Home Coronavirus Governor Reports Decline in COVID-19 Cases at Briefing

Governor Reports Decline in COVID-19 Cases at Briefing

Governor Whitmer signs bill
Governor Gretchen Whitmer signs a relief bill on Tuesday, Dec. 29, 2020, courtesy photo

By Annah Johnson

Governor Gretchen Whitmer and Dr. Joneigh Khaldun, Chief Medical Executive and Chief Deputy Director for Health for the Michigan Department of Health and Human Services appeared for a press conference today to offer updates regarding COVID-19. 

Since the Dec. 18 press conference, the number of active cases, positivity rate, and percentage of in-patient beds have all declined. 

“These numbers are encouraging,” said Whitmer as she began the briefing. Although things are looking up, Whitmer and her team are heavily encouraging Michiganders to stay put for New Year’s celebrations to prevent a surge following the holidays. 

Whitmer and Khaldun repeatedly urged citizens to follow the previously outlined safety measures to slow the spread of the coronavirus. Hand washing, wearing masks during contact with anyone outside of your household, and physically distancing yourself from others continue to be the biggest asset in slowing the spread. 

Over the past two weeks, 71,000 citizens in Michigan have been receiving the vaccinations made available by Pfizer and Moderna. Following the Advisory Committee on Immunization Practices priority guidelines, the first round of vaccines has begun to be administered in long-term living and care facilities to staff and residents, as well as other healthcare facilities. 

“It will take time for this vaccine to be widely distributed to everyone, and that’s why it’s important that we continue to do our part,” said Whitmer. She also advised that those who have already been vaccinated still need to follow original safety protocols.

Making a plan to be vaccinated is an important step in the process of a national inoculation. Whitmer encouraged those included in later phases of vaccine rollout to make a plan for themselves and their family members to receive the vaccine.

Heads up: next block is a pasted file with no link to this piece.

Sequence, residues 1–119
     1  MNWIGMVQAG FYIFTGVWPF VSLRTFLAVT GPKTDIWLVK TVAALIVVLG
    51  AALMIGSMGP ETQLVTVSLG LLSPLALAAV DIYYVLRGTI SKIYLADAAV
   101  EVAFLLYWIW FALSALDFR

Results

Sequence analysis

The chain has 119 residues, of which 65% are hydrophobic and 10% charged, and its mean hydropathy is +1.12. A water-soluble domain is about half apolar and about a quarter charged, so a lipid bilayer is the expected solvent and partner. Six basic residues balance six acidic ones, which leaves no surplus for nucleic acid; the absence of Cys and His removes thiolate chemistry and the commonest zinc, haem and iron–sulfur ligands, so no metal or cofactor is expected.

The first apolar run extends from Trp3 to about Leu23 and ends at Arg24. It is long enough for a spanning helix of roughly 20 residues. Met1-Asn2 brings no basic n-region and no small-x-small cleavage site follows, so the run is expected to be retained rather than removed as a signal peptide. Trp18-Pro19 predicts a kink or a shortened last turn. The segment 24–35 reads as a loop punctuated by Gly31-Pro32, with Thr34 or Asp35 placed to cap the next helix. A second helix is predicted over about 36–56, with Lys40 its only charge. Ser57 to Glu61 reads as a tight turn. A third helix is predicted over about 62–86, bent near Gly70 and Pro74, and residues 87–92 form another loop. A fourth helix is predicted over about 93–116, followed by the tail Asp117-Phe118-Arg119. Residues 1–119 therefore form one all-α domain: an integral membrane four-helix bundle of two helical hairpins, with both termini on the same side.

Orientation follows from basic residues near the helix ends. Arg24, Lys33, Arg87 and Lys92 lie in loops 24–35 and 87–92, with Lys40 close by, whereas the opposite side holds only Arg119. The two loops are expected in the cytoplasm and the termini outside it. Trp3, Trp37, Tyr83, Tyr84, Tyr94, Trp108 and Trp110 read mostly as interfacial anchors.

Information regarding the vaccines and frequently asked questions are all available on the Michigan Department of Health and Human Services website.

A supplemental budget, including a $106 million COVID-19 relief plan, was signed by Whitmer today with bipartisan support. This will distribute $55 million to small businesses, $3.5 million for live music and entertainment venues, and $45 million to citizens who have been laid off or furloughed. Whitmer also signed into action an unemployment benefits extension through March, with hopes of increasing the weekly benefit amount.

“2020 is coming to an end this week, but our work is not done,” Whitmer said, “I want to remind all of you that this pandemic will not be over just with the beginning of a new year.”

Khaldun reported that Michigan is currently at 480,508 total recorded cases and 12,089 COVID-19 related deaths.

The metrics that the state has been using to track progress are all showing a slow decline in recent weeks. Current active cases are at 279 per million, which has been on the decline for the last 38 days but is still almost four times the amount recorded in September. The test positivity rate is at 8.4%, a decline from the past few weeks but is almost three times the amount recorded in September. In-patient beds being used for COVID-19 patients is down from 16.5% last week, to 13.8%. COVID-19 related deaths are at an average of 107 per day, also a decline from weeks prior.

“What we are seeing in the data is not a cause to celebrate,” Khaldun said. “While Michiganders are doing a great job bringing our cases down, that progress is fragile.” 

Still worried that there may be a surge we have yet to see following Christmas gatherings, she warned that we are still not where we need to be.

Testing in Michigan is down to 37,307 tests this week, much less than what public health officials would like to see. Khaldun urged citizens to get tested if they are experiencing any symptoms or have been in contact with someone experiencing them.  

During public questioning, Khaldun eased suspicion about the safety of the vaccines. Only those who have experienced negative effects from medications or prior vaccines have reported any reaction to the COVID-19 vaccine.

After much talk of the recommended physical safety measures, Khaldun also reminded citizens that being distant from family members during the holidays can take a mental toll, and encouraged them to reach out to loved ones and take care of mental and emotional health during these times.


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